World of Warcraft beats trolls in fight over 1996 “virtual worlds” patent

A Boston court delivered a big blow Thursday to a company that claims to own “virtual worlds,” rejecting claims that game maker Activision(S atvi) should pay for using talking avatars in popular online titles like World of Warcraft.

In a ruling, U.S. District Judge Denise Casper wrote that patents belonging to Worlds Inc. appear invalid because the inventions they describe already appeared in public before the patents were filed.

The patents themselves, including US Patent 7,181,690,¬†claim “a¬†method for enabling a first user to interact with other users in a virtual space,” and are based on an earlier filing from 1996 that depicts the “invention” in action. Here’s a drawing from the patent:

Screen Shot of virtual world patent

The patents in question belong to an obscure company called Worlds Inc. that raised eyebrows in 2009 when it announced that it owned the rights to virtual worlds and that it would sue the entire gaming industry, including giants like Activision and Second Life. But as one report suggests, Worlds Inc. hasn’t done much game-making of late, but instead turned its old patents over to a contingency fee law firm in hopes of a windfall — it’s become a patent troll in other words.

Worlds Inc.’s hope for a windfall met a setback, however, after the judge shot down its attempt to string together old and new patents (a process called continuation) in order to sue Activision. The ruling, embedded below, is highly technical but the gist of it is that the judge found that Worlds Inc. had failed to comply with patent regulations and that public policy means the company shouldn’t get any slack.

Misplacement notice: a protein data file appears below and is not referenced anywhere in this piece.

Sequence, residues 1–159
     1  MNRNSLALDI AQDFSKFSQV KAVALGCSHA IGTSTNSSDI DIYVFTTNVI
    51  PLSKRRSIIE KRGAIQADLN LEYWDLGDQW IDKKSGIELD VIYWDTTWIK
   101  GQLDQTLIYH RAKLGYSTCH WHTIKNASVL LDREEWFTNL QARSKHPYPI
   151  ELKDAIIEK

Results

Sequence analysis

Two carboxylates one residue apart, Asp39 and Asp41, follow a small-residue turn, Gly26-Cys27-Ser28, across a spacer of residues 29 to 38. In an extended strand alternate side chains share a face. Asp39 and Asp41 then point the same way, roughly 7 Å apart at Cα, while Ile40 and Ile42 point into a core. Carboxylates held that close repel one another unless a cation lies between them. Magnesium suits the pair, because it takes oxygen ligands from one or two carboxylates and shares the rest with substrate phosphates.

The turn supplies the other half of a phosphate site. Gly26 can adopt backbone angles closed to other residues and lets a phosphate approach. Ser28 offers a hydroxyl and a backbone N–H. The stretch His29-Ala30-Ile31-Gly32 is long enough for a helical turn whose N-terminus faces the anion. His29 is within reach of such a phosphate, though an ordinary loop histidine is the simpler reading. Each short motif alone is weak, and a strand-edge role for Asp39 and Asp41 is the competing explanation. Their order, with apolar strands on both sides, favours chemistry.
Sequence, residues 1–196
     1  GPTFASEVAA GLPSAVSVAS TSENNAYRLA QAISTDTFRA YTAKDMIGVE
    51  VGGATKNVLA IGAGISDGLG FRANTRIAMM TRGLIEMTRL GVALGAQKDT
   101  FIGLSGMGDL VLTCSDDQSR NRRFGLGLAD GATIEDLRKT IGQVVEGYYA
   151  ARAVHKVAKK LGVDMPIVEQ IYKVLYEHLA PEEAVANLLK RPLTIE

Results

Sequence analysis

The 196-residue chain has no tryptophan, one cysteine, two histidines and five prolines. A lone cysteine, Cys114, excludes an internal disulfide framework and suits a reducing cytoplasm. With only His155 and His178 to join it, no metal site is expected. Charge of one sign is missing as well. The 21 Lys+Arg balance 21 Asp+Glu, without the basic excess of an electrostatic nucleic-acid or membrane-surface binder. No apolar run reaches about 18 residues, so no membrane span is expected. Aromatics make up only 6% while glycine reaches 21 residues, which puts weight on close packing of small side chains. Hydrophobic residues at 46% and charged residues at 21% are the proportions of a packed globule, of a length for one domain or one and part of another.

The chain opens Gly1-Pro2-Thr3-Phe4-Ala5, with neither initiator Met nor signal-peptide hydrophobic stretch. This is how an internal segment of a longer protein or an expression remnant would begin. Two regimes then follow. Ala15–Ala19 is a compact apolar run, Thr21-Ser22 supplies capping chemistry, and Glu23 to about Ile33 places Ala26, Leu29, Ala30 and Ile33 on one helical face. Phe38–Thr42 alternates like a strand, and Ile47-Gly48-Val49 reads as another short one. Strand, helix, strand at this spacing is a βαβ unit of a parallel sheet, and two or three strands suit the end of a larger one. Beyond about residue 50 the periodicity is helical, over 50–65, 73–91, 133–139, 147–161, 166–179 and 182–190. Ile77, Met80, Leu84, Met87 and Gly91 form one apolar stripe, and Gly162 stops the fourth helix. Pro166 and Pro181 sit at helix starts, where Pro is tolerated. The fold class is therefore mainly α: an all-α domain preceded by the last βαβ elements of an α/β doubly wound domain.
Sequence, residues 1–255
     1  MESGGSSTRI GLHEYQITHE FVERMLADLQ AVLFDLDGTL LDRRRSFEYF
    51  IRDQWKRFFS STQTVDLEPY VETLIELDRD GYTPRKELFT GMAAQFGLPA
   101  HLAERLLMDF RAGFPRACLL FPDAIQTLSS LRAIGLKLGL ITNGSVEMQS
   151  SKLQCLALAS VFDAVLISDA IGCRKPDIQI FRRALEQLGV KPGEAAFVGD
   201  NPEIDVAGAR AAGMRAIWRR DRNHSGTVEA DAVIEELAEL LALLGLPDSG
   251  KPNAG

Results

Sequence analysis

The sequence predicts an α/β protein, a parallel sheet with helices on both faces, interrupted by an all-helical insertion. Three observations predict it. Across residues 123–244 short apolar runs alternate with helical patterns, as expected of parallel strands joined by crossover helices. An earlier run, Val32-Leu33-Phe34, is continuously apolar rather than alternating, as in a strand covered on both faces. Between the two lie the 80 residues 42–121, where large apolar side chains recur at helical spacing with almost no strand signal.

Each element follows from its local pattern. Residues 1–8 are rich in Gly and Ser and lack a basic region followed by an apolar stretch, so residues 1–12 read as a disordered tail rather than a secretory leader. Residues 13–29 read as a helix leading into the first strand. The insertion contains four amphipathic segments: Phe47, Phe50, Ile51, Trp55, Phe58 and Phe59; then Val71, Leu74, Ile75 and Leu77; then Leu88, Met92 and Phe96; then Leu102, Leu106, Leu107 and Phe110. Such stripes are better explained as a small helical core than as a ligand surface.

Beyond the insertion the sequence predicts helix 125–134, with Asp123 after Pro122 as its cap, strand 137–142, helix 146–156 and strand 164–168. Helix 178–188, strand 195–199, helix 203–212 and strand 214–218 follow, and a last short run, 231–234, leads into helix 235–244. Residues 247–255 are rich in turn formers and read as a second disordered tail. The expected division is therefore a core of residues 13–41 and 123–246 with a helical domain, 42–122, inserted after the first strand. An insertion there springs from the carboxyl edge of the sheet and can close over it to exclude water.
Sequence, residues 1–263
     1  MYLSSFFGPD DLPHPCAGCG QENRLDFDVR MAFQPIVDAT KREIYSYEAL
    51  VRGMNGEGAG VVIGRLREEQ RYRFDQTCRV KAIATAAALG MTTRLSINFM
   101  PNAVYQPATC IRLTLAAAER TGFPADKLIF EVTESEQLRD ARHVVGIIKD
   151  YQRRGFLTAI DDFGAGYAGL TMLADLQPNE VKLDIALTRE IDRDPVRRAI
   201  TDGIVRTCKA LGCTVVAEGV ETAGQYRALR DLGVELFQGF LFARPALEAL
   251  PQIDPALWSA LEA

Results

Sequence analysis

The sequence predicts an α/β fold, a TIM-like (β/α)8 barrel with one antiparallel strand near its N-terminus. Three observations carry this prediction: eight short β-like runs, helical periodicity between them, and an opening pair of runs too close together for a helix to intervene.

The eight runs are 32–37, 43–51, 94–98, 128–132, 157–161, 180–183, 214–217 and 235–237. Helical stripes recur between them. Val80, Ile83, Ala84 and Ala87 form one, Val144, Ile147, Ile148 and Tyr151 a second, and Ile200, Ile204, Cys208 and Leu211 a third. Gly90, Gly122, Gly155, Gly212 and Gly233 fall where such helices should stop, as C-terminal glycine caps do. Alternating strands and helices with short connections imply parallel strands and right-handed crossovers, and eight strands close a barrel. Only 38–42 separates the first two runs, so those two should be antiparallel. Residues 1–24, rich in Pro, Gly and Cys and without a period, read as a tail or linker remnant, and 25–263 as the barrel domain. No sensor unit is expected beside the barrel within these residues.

The ruling comes as the Supreme Court is about to hear an important case over whether software patents, like the ones being wielded by Worlds Inc., should even be allowed in the first place. Such patents are unpopular among many game developers who argue they cover basic ideas, rather than inventions, and that, in any case, game code is also protected by copyright (see the comments in this Polygon story about the Worlds Inc. case for a smart discussion of the issue).

In response to the decision, Worlds Inc. has sent out press releases portraying the ruling as a victory, but this is largely a public relations effort. While, as the release points out, the patent office has corrections to the patents, that will only allow Worlds Inc. to sue for “future acts of infringement” — meaning the company says it will now go after “Call or Duty: Ghosts” instead. That will be a long slog, however given Activision’s summary judgement victory this week.

If you’re into such things, here is the judgment with some of the relevant parts underlined:

Worlds Inc v Activision Decision

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